Review by DjBatman|
4 stars out of 4
You've come a long way, Mr.Cook. A long long way since the days of
Housemartins and (later) Beats International. As Fatboy Slim, Norman
Cook found perfect formula for concentrating under one alias great music,
killer samples from his impressive record collection (showed in the cd
booklet) and the commercial success the needed for continuing his musical
trip for the following years (or decades). Until now, Cook's quality
projects (Freak Power especially) missed the sellability which he only
obtained with -erm- "dull soulless dance music" (like the
Pizzaman tracks he was involved in). Instead, today he can be
widely known for being the man who produced the "Right about now!
The soul funk brother!" track... and at the same time he can have
fun delivering quality stuff on a dance album that comes clearly from the
mind of a music lover and record collector. The hits are all here
("Right here, right now", "The Rockafeller Skank"
and "Gangster trippin'") but they are joined by the ambient/techno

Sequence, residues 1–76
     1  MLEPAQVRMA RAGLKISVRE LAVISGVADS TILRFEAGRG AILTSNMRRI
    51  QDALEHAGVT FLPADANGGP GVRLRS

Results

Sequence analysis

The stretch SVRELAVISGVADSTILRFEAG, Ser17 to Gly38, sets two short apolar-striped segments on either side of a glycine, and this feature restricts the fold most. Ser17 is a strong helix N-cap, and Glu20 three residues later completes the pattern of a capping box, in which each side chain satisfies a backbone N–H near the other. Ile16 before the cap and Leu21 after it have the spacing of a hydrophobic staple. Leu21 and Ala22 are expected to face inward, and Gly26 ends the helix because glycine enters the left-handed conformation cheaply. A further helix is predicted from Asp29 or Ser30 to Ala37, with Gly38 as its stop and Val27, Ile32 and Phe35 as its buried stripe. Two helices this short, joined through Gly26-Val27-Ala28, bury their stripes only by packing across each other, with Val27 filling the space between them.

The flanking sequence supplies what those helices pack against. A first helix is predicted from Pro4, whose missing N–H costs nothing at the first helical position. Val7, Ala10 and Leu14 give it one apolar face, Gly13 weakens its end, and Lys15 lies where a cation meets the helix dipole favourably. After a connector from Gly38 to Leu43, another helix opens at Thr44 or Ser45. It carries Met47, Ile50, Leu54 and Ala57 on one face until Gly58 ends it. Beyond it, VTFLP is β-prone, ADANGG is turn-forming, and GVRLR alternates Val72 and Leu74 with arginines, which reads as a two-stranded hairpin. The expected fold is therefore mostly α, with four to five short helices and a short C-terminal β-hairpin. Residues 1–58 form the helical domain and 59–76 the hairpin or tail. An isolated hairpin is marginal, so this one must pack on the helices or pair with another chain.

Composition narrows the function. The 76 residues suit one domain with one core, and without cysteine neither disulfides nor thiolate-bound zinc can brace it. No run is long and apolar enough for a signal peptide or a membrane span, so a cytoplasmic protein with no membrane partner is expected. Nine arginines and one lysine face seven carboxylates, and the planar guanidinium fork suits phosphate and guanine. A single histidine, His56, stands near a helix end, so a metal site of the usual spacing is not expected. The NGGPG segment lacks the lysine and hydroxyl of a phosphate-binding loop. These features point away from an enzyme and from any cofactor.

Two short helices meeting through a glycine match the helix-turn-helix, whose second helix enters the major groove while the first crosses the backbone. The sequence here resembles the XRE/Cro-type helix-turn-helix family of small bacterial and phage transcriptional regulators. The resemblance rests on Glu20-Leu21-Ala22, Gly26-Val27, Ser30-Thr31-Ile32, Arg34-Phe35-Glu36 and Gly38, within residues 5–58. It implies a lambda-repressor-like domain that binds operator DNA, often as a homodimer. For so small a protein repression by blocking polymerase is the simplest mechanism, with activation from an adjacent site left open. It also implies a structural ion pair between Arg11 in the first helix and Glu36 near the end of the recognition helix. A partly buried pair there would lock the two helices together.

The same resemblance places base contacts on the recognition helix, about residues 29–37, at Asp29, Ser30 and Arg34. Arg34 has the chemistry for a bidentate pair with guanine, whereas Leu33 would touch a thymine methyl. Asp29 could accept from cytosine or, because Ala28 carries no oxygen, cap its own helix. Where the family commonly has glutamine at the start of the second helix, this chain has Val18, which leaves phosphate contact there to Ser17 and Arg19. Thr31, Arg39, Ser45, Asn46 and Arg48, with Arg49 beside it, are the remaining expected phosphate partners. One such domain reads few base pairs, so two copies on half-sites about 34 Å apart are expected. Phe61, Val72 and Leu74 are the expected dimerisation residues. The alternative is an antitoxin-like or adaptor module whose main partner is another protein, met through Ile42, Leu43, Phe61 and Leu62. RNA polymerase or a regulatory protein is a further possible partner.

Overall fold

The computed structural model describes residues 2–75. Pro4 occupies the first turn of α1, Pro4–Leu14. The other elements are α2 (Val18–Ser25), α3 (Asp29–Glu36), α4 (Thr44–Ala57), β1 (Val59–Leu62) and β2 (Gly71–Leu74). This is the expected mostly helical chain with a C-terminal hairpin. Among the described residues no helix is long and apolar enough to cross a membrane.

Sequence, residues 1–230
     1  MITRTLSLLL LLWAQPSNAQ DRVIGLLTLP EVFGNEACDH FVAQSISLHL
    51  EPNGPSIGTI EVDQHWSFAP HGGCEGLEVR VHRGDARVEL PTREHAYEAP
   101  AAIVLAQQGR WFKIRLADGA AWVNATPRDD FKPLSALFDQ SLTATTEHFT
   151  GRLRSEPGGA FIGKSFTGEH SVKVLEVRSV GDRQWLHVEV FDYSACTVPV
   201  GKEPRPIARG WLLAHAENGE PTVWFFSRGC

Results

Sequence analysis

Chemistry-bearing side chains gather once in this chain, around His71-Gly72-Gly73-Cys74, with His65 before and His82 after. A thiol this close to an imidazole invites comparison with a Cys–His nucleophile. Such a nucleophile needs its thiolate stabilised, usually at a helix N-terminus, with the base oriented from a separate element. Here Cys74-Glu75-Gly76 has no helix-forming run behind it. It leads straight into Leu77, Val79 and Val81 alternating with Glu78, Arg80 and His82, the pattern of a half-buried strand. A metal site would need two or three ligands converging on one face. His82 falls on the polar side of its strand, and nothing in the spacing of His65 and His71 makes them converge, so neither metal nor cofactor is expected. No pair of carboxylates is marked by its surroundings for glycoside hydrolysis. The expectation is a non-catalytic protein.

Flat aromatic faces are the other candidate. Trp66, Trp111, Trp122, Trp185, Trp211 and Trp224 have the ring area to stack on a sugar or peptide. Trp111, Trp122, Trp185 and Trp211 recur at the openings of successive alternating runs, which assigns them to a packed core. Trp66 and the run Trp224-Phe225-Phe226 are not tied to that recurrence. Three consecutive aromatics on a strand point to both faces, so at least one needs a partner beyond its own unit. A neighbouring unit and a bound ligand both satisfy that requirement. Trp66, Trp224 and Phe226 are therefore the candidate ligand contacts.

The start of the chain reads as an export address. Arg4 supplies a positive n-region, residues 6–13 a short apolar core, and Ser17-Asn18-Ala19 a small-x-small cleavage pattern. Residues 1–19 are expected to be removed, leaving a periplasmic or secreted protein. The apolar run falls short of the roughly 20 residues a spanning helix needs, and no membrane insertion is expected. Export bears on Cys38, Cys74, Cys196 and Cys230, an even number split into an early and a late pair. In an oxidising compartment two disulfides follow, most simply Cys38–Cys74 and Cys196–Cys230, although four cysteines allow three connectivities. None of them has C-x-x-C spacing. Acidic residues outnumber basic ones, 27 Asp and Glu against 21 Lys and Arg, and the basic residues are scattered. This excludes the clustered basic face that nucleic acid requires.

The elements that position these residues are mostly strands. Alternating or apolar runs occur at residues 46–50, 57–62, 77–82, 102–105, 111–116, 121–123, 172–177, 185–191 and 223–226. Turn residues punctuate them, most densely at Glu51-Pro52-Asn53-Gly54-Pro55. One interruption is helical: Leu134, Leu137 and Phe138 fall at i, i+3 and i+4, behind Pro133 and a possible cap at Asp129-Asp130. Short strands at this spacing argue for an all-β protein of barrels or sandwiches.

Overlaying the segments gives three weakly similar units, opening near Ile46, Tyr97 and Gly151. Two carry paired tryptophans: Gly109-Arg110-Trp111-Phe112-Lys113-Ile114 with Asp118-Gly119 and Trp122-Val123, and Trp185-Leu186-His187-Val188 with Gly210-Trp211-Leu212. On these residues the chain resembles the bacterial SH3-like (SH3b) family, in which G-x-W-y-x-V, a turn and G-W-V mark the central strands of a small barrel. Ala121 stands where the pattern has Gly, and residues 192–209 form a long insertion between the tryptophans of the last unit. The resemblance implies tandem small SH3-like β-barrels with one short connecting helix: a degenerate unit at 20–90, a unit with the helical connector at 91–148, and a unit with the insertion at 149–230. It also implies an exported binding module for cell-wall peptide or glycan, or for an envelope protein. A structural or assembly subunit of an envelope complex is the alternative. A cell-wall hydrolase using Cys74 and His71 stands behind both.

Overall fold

of "Love island", the retro-futuristic acid house tribute
"Acid 8000", lounge and funky loops ("F**king in Heaven"
or the John Barry Seven sample on "The Rockafeller Skank")
and the electric gospel of "Praise you" with a piano (apparently
out of some scratched vinyl) accompaining Camille Yarborough's soulful
vocal samples ("We've come a long long way together...").
End-of-the-millennium pop music in its purest form.
Here's what others reviewers have to say:
"...Cook proves what all pop pros know: that obvious is harder than
subtle....Cooks makes the hooks as blatant as a dance-world denizen
Rolling Stone 11/12/99, p.114-115
"...the thrill-intensive Fatboy Slim approach favors monstrous,
often incongruous breaks, bass lines, and riffs, aggressively diced and
looped in service of wacky, cut-and-paste juxtapositions....[BABY]
substantiates the theory that few dance producers working today are as
keenly attuned to the pleasure principle as Norman Cook..."
8 (out of 10) Spin 12/98, pp.175-176